Lenders will also consider your age and the home loan length when assessing an application. As far as home loan eligibility requirements: a mortgage can be between 20 and 30 years long; the minimum age requirement is 18 years. 

Older applicants may also get denied if a lender is concerned about their earning ability throughout the term of a mortgage. The standard retirement age in Australia is 65-67, and lenders are wary of loan terms extending beyond retirement. So, mature age applicants need to demonstrate that they can make their mortgage repayments after they stop working. 

Don’t think you’ll qualify? 

For borrowers closer to this threshold, you can still obtain a home loan approval. However, you may need to provide more proof of financial means than a younger borrower. This proof could include: 

  • A larger deposit
  • Shorter mortgage with higher repayments
  • More savings
  • High income for the remaining years you intend to work
  • Security on the loan in the form of an investment property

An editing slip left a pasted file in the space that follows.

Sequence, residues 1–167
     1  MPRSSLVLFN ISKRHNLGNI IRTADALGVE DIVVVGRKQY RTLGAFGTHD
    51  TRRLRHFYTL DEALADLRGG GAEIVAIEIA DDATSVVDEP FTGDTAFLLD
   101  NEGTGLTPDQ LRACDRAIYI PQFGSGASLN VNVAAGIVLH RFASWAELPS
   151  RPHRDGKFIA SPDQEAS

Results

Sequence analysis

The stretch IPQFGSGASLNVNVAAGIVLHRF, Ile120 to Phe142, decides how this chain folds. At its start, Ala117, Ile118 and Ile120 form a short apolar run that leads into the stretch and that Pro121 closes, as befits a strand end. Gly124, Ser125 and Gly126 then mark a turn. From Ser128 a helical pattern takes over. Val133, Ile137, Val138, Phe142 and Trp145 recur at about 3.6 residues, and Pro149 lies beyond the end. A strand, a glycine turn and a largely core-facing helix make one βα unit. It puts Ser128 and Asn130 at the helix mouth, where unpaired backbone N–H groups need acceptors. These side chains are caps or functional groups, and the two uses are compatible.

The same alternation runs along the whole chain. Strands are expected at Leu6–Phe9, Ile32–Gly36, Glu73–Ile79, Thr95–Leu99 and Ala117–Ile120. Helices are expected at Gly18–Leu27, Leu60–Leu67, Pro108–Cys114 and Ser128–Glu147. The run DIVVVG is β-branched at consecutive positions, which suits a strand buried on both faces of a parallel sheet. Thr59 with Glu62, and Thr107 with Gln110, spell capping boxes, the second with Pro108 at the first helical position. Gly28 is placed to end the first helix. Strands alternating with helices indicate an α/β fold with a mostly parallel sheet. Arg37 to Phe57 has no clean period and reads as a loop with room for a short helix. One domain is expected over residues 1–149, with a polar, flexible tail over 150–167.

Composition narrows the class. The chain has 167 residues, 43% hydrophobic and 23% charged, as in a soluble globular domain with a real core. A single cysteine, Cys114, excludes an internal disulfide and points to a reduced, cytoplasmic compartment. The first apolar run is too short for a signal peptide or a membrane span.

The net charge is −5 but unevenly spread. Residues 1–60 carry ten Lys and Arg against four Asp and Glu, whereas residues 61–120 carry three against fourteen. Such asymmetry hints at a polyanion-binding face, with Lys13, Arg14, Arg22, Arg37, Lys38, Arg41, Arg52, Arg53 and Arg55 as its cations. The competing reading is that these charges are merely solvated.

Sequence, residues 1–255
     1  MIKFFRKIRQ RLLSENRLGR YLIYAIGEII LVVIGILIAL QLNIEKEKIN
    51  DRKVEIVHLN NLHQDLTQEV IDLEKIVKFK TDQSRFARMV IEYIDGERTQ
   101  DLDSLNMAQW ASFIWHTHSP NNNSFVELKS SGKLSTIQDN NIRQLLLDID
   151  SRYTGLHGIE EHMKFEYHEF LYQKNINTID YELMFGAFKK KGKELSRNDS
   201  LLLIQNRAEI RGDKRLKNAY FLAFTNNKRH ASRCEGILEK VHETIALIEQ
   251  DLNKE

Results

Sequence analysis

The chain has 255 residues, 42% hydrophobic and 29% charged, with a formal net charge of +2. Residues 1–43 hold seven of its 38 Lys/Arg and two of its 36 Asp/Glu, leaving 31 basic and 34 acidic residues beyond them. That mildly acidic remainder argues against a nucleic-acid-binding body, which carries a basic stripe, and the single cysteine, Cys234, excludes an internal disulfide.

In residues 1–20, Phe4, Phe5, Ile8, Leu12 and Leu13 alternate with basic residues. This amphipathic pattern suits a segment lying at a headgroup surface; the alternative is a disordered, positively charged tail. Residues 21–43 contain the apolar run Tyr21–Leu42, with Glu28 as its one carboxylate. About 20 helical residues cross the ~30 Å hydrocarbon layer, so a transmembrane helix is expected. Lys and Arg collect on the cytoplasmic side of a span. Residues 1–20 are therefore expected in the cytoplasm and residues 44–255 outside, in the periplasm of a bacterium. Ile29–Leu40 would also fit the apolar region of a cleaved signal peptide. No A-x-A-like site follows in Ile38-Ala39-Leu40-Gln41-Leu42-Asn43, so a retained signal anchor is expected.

• Shares/bonds.

» MORE: How long will it take to pay off your mortgage?

Property assessment

When you apply for a home loan, your lender will also require information about the property. This assessment is standard procedure for the lender to evaluate any risk and determine if the loan you apply for matches the property’s value. 

Standard lending criteria

When you apply for a mortgage, the property acts as security on the loan. If you default on your repayments, the lender can sell the property to pay off your remaining debts. A lender assesses the property to make sure it won’t lose value, resulting in a financial loss should they have to sell it. 

Application requirements 

A lender may ask for: 

  • Address
  • Property type (house, apartment etc)
  • Size of the property and the land
  • Price
  • Year it was constructed
  • Sale history.

Don’t think you’ll qualify? 

Many lenders will also have stricter lending criteria for certain areas in Australia that they deem high risk due to factors such as the local economy, flooding, or bushfires. In this case, they may require a higher deposit or lower LVR to approve your loan.